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By Frank Gruber

I am still thinking about the Civic Center.

Now that the City Council has updated the Civic Center plan, the City will soon start evaluating proposals to build the housing component of the plan -- the "Village." Although the plan is a good one, it's important to evaluate what's gone wrong with what has so far been built under it; namely, the Public Safety Building and RAND's new headquarters.

Let me say at the outset that I don't believe either building is a failure architecturally; both, in fact, are handsome if not landmarks. But they don't satisfy the plan's standards for "placemaking."

Pictures can be worth thousands of words, and to save you from having to read too many of mine, last week I took my camera and wandered around. Here's a picture of RAND's front yard and the sidewalk in front.

While you're looking that picture over, and the next one, consider that one explicit policy of the plan is that buildings are "to provide spatial definition to public spaces including parks, promenades, and streetscapes."

Another policy is that buildings should "introduce activities and treatments at the ground level of buildings to contribute to a visually interesting and public-spirited pedestrian environment."

It's not just RAND that decided not to define public space. Here's a photo of the front of the Public Safety Building.

Note the big blank walls between the building, its fountain and little plazas, and the sidewalk. What are they doing there? Whatever happened to big, welcoming doors on public buildings?

There are reasons the Civic Center is such dead space now. The Civic Center in all its 1950s glory is neither fish nor fowl: it's not a park, but, notwithstanding its urban functions, it's not urban either.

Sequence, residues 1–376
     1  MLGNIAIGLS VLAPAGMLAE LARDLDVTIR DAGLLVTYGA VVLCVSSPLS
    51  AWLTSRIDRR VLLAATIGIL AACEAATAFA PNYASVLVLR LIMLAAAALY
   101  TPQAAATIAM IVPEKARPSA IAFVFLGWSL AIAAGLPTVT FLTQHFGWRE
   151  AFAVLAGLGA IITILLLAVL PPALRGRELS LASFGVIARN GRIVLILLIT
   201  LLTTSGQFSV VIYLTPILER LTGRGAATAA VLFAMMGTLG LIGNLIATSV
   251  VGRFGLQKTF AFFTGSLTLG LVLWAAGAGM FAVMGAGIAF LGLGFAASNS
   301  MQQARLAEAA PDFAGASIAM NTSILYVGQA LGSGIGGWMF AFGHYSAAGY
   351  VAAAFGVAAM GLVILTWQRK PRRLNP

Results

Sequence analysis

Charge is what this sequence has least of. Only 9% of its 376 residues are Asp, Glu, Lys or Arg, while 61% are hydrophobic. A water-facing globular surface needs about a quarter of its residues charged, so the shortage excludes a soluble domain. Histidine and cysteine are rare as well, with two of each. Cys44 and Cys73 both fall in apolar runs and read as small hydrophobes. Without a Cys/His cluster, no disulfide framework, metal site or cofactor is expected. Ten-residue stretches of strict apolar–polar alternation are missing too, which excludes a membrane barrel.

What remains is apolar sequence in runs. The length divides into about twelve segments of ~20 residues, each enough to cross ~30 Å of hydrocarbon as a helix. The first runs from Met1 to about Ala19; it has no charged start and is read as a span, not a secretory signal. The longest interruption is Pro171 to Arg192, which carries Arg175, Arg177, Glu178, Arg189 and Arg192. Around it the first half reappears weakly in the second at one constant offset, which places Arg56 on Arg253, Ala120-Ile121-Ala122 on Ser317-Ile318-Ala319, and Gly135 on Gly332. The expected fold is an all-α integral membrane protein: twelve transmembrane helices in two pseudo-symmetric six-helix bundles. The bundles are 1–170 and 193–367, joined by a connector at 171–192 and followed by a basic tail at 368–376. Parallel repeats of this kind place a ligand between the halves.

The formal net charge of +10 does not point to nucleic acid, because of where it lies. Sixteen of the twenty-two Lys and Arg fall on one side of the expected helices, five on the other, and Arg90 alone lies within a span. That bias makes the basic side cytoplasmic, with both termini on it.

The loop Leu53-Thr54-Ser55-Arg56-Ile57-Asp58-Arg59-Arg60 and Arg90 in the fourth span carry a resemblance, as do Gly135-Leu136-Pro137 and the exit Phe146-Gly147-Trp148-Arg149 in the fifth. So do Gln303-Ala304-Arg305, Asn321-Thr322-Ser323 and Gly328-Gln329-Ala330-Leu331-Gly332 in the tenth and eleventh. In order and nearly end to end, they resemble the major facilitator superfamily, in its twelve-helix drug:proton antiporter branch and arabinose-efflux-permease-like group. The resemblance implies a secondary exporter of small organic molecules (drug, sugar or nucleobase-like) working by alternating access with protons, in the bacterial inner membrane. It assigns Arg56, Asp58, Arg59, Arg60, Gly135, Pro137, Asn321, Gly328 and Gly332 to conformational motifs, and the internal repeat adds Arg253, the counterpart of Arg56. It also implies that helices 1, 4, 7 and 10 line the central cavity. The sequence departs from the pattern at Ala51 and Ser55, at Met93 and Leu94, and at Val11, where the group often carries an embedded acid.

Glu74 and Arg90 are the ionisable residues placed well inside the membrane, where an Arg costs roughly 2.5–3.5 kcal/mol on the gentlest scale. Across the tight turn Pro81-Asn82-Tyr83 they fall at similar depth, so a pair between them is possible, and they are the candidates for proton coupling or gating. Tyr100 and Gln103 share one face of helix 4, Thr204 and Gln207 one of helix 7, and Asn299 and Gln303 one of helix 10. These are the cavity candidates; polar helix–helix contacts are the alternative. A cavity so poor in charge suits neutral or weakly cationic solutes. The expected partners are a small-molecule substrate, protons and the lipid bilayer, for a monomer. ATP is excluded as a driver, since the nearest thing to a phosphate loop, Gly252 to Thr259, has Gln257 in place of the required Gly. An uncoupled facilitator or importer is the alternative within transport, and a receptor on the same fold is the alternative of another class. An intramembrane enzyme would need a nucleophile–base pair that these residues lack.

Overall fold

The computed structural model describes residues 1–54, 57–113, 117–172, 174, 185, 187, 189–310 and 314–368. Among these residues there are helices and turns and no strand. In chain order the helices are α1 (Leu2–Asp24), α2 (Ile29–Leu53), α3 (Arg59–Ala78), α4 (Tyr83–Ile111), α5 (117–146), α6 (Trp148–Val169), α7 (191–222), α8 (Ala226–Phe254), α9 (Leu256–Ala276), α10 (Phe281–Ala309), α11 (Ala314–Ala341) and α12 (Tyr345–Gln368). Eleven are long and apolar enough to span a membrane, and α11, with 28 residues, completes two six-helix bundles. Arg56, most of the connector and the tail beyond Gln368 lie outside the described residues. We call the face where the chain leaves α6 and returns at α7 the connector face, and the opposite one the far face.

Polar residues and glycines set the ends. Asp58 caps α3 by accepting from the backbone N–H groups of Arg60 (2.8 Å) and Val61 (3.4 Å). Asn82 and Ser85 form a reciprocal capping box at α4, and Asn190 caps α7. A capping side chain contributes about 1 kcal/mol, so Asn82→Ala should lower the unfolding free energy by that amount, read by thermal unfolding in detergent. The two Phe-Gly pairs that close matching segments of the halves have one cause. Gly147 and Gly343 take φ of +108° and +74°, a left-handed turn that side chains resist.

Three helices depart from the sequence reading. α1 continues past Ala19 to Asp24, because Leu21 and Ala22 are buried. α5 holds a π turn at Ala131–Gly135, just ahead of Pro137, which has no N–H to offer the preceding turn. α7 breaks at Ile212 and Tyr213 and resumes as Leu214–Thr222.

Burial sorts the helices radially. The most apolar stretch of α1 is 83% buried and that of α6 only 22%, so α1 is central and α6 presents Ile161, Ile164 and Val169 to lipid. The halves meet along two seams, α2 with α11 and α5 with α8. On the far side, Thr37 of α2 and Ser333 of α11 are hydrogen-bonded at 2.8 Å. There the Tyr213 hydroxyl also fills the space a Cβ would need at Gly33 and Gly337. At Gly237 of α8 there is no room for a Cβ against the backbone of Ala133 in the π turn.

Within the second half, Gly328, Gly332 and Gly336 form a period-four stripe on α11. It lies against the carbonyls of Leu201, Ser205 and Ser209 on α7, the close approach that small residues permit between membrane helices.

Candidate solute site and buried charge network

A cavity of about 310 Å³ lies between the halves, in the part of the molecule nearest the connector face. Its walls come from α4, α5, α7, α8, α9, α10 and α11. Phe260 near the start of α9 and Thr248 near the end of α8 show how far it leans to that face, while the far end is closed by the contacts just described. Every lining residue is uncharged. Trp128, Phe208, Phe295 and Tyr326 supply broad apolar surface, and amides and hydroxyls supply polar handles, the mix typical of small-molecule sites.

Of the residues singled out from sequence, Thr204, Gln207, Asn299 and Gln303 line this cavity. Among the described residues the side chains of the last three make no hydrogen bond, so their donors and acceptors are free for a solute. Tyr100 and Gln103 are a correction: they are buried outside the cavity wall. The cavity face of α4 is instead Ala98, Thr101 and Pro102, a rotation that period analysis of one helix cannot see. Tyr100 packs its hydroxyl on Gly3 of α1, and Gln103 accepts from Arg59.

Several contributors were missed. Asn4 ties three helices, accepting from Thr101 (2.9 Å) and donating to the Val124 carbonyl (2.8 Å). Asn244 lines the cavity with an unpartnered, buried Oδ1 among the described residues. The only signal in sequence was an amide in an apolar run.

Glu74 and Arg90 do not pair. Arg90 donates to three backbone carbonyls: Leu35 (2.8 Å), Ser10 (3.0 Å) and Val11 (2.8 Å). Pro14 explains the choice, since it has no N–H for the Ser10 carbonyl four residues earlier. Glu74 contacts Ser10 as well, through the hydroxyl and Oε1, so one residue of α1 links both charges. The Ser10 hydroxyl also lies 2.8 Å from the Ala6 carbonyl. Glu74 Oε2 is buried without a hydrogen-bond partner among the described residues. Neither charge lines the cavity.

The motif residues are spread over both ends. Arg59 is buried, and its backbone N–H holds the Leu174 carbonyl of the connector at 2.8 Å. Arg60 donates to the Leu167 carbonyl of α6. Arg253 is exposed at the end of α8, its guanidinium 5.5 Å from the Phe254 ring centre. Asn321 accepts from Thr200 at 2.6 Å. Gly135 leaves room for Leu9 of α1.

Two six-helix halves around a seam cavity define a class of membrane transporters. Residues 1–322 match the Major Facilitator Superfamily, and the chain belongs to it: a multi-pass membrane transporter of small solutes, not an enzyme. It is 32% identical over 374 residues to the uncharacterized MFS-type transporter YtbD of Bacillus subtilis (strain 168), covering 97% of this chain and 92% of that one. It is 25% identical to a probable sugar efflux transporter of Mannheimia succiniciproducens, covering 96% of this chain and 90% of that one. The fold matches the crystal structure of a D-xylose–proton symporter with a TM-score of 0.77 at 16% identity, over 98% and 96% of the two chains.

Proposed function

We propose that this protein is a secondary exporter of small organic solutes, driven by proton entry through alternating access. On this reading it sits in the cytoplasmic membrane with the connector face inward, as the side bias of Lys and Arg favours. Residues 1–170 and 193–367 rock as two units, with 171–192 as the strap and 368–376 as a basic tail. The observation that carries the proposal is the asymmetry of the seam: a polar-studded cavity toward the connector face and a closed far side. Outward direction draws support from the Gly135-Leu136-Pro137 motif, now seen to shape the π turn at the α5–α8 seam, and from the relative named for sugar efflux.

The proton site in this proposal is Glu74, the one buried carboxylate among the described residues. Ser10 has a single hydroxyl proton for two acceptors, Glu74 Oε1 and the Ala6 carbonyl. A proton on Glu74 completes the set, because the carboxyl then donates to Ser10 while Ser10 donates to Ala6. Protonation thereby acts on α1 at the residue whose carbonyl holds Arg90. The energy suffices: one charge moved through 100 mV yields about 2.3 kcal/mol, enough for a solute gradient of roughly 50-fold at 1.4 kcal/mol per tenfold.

Here's a shot of the north side of the Courthouse, facing Olympic Drive, with landscaping added when Olympic Drive was constructed.

What is this, a building, or a wood? There's not even a bench; so much for "public-spirited pedestrian environment."

It's the Arcadian impulse run amok. Our Jeffersonian distrust of the city is so ingrained, that we would rather build silly faux forests than design streets on which people might actually want to walk, or plazas at which they might actually congregate, or buildings that welcome human beings (who aren't arriving by car). We think we're being "environmental," but our landscaped hybrid has no connection to nature, either.

I like to hike in the mountains. I like to walk along the beach and Palisades Park. I can be as Arcadian as the next person. I love street trees. But you don't make a constructed place a natural place by imitating nature; you create places that don't work for either purpose.

Note that the little sign says no trespassing.

Right now hopes for defining public space in the Civic Center lie with the parking structure going up on Fourth Street (let's hope there will be someplace on the ground floor where body will be able to get something to eat), the Village housing, the future city services building (now much diminished in size), the new parks, and the redevelopment of the streets, including the extension of Olympic Drive, the rerouting of Main Street in front of City Hall, and the building of the fountain and traffic circle at the Main Street bend.

There are still a lot of opportunities, but I'm not hopeful. The plan is one thing, but, oh, the details.